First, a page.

Nothing excites Australians like house prices and mortgage rates. It is no surprise, therefore, that the recent decision by major banks to increase interest rates ‘outside the cycle’ – that is independently of the Reserve Bank of Australia (RBA) – has led to hyperventilation among consumers and politicians.
The major driver is the rising of the banks’ own funding costs, which have increasingly become decoupled from the RBA-set official cash rate.
According to the RBA, the cost of senior unsecured bank debt has risen by around 1.85% per annum over inter-bank money market rates, up from an average of 1.27% per annum in June 2011. The cost has eased somewhat from its recent high of 2.23% per annum in late December 2011 and early January 2012. The banks’ cost of secured borrowings, such as covered bonds (collateralised by residential mortgages) is also high; between 1.70% and 2.20% per annum over the relevant money market rates, depending on whether it is issued in the domestic or international market.
Current borrowing rates compare to average margins of around 0.15-0.25 % per annum paid by the banks prior to the commencement of the global financial crisis (GFC) in 2007.
The higher rates reflect tighter global liquidity conditions, a structural change likely to persist.
High borrowing costs reflect general risk aversion where investors demand and receive higher compensation for bank risk. It also reflects the higher costs of hedging foreign currency borrowing into Australian dollars. These factors may also persist for some time.
Bank borrowing costs are also affected by regulations introduced in the aftermath of the GFC to improve the solvency of the banking system.
New liquidity controls, being phased in by global banking regulators, including the Australian Prudential Regulatory Authority, require banks to hold more liquid assets such as government bonds to minimise liquidity risk – an inability to raise money to meet sudden withdrawals or repay maturing borrowings. In addition, the new regulations favour banks with a higher level of retail deposits as a proportion of their funding.
This has led to aggressive competition among Australian banks for retail deposits, forcing up the cost. The average term deposit rate for major Australian banks has not fallen in line with decreases in the official cash rate and remains above that for equivalent wholesale funding.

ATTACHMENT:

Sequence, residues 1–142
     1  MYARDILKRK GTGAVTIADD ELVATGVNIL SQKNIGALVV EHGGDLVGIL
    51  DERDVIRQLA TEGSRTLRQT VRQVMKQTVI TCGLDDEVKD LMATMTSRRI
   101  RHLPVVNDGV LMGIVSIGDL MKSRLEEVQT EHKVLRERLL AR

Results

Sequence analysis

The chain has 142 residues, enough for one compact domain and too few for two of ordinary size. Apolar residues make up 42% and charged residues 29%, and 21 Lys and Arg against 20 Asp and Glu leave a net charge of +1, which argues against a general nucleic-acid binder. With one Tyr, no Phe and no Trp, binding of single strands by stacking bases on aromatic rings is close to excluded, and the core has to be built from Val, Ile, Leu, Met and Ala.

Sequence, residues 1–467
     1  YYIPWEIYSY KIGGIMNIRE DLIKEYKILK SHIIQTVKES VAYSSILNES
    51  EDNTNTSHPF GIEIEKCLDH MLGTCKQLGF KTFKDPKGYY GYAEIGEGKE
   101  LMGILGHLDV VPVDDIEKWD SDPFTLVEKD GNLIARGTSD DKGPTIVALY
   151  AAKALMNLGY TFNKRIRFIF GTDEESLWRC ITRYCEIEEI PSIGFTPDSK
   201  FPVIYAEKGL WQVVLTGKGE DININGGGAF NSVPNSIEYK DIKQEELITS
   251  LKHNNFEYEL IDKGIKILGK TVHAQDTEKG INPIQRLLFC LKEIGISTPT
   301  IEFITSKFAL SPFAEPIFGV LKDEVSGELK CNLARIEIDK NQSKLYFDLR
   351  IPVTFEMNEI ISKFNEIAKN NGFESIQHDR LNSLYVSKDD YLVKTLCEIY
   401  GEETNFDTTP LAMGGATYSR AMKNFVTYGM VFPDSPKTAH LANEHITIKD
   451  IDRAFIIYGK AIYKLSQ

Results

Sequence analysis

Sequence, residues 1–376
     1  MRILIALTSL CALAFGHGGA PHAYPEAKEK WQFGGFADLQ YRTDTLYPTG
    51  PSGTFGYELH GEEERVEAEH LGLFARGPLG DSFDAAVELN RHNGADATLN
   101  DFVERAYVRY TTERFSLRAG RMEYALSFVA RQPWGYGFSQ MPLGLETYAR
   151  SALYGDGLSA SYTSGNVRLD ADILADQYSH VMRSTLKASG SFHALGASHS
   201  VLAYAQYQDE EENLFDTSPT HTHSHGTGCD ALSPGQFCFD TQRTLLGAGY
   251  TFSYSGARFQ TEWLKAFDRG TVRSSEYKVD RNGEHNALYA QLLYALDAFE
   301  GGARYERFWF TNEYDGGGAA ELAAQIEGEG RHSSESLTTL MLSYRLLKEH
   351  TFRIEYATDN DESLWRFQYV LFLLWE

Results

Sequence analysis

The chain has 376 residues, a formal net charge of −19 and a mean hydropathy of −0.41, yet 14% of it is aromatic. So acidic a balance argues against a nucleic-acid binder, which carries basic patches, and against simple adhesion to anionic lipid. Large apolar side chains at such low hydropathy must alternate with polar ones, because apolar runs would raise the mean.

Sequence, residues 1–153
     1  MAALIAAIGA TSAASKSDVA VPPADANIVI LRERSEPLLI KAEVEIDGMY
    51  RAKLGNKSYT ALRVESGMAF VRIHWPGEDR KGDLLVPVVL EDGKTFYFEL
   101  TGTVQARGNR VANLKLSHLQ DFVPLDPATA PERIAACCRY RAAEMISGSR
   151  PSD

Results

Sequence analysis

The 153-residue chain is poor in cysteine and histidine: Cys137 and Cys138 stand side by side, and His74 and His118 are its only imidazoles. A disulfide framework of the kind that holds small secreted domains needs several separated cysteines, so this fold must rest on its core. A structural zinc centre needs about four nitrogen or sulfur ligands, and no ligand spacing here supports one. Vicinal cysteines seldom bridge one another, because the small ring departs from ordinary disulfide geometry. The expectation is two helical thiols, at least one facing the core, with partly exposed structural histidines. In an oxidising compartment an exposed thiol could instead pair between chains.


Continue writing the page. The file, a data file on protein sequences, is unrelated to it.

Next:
The new regulations also require banks to hold higher levels of shareholder’s funds, further increasing their costs. Compliance costs, under new regulations, will also increase.
Given that the cost of funding has gone up as a result of largely uncontrollable external factors, the real question is how these additional input costs are to be allocated. Increasing borrowing rates to pass on the higher cost of funding, penalises borrowers but rewards depositors and shareholders. Absorbing the higher cost of funding by maintaining or reducing lending rates rewards borrowers but punishes depositors and shareholders.
As many Australians are simultaneously borrowers, depositors and bank shareholders (either directly or indirectly through their superannuation savings), the appropriate allocation is unclear.
Australian banks could maintain mortgage rates but increase business lending rates to preserve profits. They could ration mortgage lending to minimise the effect of lower margins on their profitability. These actions may decrease business profitability and investment or reduce the supply of housing finance. In turn, this may reduce economic growth and employment opportunities, indirectly leading to lower house prices.
Critics point to the profitability of Australian banks. Absolute profitability levels are misleading as banks require substantial amounts of capital to operate. Measured using a more appropriate metric such as return on capital invested, Australian banks earn around 15% per annum. This is among the highest in the developed world, although down from the peak levels above 20% prior to the GFC.
Martin Wolf of the Financial Times described banking as ‘a risk-loving industry guaranteed as a public utility’. As evidenced by government support during the GFC, this is as true of Australian banks as their overseas peers. If society and governments wish to control banks and limit profitability, then it requires a different debate and extensive re-regulation of the banking system rather than arbitrary interference in the process of setting rates.
The high level of angst is disproportionate to the modest nature of the increases. It highlights a different problem – high levels of consumer debt and their vulnerability.
Between 1991 and 2011, Australian household debt rose from around 49% to 156% of disposable income. In 1989, when mortgage rates were 17%, the ratio of interest payments to disposable income was 9%. Currently, despite the fact that mortgage rates are around 7.5%, the ratio has increased to around 12%, making borrowers sensitive to small changes in borrowing costs.
Australian housing is already heavily subsidised, through direct transfers (the first home buyers schemes), stamp duty exemptions, preferential taxation treatment of capital gains and favourable banking regulations which encourage mortgage lending via lower capital charges. Further assistance by artificially manipulating mortgage rates is difficult to justify.
for Markets and Money
© 2012 Satyajit Das All Rights reserved.
Satyajit Das is the author of Extreme Money: The Masters of the Universe and the Cult of Risk (2011)
From the Archives…
Markets and the Aurelius Vision
2012-05-04 – Greg Canavan
How the RBA’s Interest Rate Cuts Cause a Housing Bubble
2012-05-03 – Nick Hubble
How a Cashless Society Promotes Tyranny
2012-05-02 – Dan Denning
2012-05-01 – Dan Denning
Risky Investments in a Market Full of Conmen
2012-04-30 – Bill Bonner